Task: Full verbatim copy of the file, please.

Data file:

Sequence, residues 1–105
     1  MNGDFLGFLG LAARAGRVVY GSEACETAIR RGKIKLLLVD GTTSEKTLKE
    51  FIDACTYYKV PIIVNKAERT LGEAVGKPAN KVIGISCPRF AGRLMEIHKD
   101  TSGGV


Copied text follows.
Sequence, residues 1–105
     1  MNGDFLGFLG LAARAGRVVY GSEACETAIR RGKIKLLLVD GTTSEKTLKE
    51  FIDACTYYKV PIIVNKAERT LGEAVGKPAN KVIGISCPRF AGRLMEIHKD
   101  TSGGV